Failing the instruction book, you could always try e-mailing the supplier or manufactuer and ask them.

 

Every Blessing

 

Tony

 

Firstly thanks to John Mander for the 'fix' for iTunes. Secondly yes, my machine does not add track markers. BUT - I phoned Marantz who were mortified at my problem, and agreed to write the code in order to provide a 'fix' for my machine to be able to add track markers. WOW - how's that for service!!!!!!!!!!

 

Hector

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Firstly thanks to John Mander for the 'fix' for iTunes. Secondly yes, my machine does not add track markers. BUT - I phoned Marantz who were mortified at my problem, and agreed to write the code in order to provide a 'fix' for my machine to be able to add track markers. WOW - how's that for service!!!!!!!!!!

 

Hector

 

Hi

 

That doesn't surprise me - track markers are a facility that's essential to many proffessional users of these devices. I'm actually more surprised that the function was ommitted.

 

Every Blessing

 

Tony

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It's a real doddle to do this using Audacity, but if you get stuck PM me and I'll lend you a hand.

 

Sq

 

Sorry to take this thread off on a slightly different tack, but can I just raise two queries on Audacity as the subject has been mentioned.

 

Following recommendations on this board, I have started to use Audacity and agree that, by and large, it is very easy to use and gives effective results. It is certainly streets ahead of the Sound Forge programme that nearly drove me to drink.

 

However, I keep having two problems and wondered if anyone could offer solutions.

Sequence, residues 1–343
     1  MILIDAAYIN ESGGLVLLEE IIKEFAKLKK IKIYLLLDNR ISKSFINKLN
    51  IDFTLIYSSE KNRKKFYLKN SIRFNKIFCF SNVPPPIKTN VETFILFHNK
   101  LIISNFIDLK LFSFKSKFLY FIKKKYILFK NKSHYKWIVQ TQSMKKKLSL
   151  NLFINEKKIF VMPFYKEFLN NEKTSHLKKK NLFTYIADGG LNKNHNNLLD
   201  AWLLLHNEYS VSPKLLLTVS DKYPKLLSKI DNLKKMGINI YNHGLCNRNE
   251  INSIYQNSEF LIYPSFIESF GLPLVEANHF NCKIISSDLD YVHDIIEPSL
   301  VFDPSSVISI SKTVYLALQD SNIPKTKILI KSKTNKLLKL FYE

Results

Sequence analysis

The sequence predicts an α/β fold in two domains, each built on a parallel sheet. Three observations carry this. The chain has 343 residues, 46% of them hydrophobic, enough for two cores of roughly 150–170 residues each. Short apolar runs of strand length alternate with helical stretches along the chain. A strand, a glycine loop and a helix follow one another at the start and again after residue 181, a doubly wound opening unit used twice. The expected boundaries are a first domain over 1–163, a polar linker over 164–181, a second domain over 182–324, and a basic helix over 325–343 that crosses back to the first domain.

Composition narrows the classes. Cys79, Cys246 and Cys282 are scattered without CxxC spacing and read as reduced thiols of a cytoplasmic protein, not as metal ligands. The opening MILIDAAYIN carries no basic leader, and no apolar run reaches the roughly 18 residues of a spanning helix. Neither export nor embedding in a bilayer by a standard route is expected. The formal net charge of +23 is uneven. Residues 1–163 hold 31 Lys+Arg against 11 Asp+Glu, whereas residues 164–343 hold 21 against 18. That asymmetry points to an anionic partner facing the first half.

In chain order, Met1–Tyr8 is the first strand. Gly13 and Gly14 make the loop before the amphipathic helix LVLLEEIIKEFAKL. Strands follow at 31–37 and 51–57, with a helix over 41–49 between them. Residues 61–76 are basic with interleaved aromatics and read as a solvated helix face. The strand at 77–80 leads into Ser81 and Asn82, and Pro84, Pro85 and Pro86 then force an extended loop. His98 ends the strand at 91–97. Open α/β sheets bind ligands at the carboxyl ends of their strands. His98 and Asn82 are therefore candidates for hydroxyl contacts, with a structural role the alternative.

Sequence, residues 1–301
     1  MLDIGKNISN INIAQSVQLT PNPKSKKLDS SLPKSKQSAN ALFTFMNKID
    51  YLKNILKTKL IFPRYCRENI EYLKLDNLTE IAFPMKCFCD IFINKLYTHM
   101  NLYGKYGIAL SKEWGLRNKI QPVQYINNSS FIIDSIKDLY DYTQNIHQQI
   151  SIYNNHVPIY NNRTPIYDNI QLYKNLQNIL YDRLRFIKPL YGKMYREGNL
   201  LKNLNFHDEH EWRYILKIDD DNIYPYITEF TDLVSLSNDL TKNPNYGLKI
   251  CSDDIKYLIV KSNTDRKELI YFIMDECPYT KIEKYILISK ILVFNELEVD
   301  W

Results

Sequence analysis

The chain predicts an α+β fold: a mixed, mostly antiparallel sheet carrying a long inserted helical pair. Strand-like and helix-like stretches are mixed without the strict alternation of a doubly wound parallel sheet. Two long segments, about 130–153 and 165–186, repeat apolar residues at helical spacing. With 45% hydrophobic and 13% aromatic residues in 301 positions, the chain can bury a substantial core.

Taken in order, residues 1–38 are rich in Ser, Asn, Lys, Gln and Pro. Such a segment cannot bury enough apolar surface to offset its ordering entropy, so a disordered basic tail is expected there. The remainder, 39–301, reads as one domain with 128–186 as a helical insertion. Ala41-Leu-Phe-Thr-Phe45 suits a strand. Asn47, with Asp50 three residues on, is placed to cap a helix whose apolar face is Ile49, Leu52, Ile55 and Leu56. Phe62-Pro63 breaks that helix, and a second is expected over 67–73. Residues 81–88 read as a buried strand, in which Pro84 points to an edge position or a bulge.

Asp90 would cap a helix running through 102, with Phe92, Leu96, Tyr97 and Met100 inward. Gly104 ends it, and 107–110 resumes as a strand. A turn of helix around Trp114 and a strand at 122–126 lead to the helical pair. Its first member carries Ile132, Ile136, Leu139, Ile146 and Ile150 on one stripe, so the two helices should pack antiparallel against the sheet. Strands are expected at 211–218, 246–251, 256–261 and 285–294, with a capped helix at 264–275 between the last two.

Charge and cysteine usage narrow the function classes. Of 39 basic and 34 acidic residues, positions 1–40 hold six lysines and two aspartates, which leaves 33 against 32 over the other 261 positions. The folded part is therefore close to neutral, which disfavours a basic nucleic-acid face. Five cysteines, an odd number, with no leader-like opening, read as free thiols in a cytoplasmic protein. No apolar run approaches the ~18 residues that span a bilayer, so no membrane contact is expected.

First, when I record my input (usually off a mini - disc recorder), the result always comes out a semitone too low. I can correct this by pushing the whole track up a semitone on the 'adjust pitch' menu, but am I doing something wrong here ?

 

Second, sometimes when I record, parts of the recording come out sounding 'shaky'. Generally this is on louder music rather than softer - has that got something to do with it ?

 

Any help would be gratefully appreciated.

 

Many thanks,

M

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First, when I record my input (usually off a mini - disc recorder), the result always comes out a semitone too low. I can correct this by pushing the whole track up a semitone on the 'adjust pitch' menu, but am I doing something wrong here ?

The recording is being made at a sample rate of 48kHz, but the playback is assuming that it is at 44.1kHz. This is probably an incorrect soundcard setting when transferring the recording into the computer; without knowing the soundcard concerned, it is hard to say more. Most audio editors have a command to tell them the correct sample rate for data in this situation (rather than going through the potentially damaging pitch adjustment).

 

Second, sometimes when I record, parts of the recording come out sounding 'shaky'. Generally this is on louder music rather than softer - has that got something to do with it ?

"Shaky" most commonly implies an analogue problem, such as wow on a tape recorder; but that can't be what you mean here. My first guess is that your recorder has some kind of automatic gain control - perhaps only at higher levels to avoid clipping - and you are hearing the results of this in operation.

 

Paul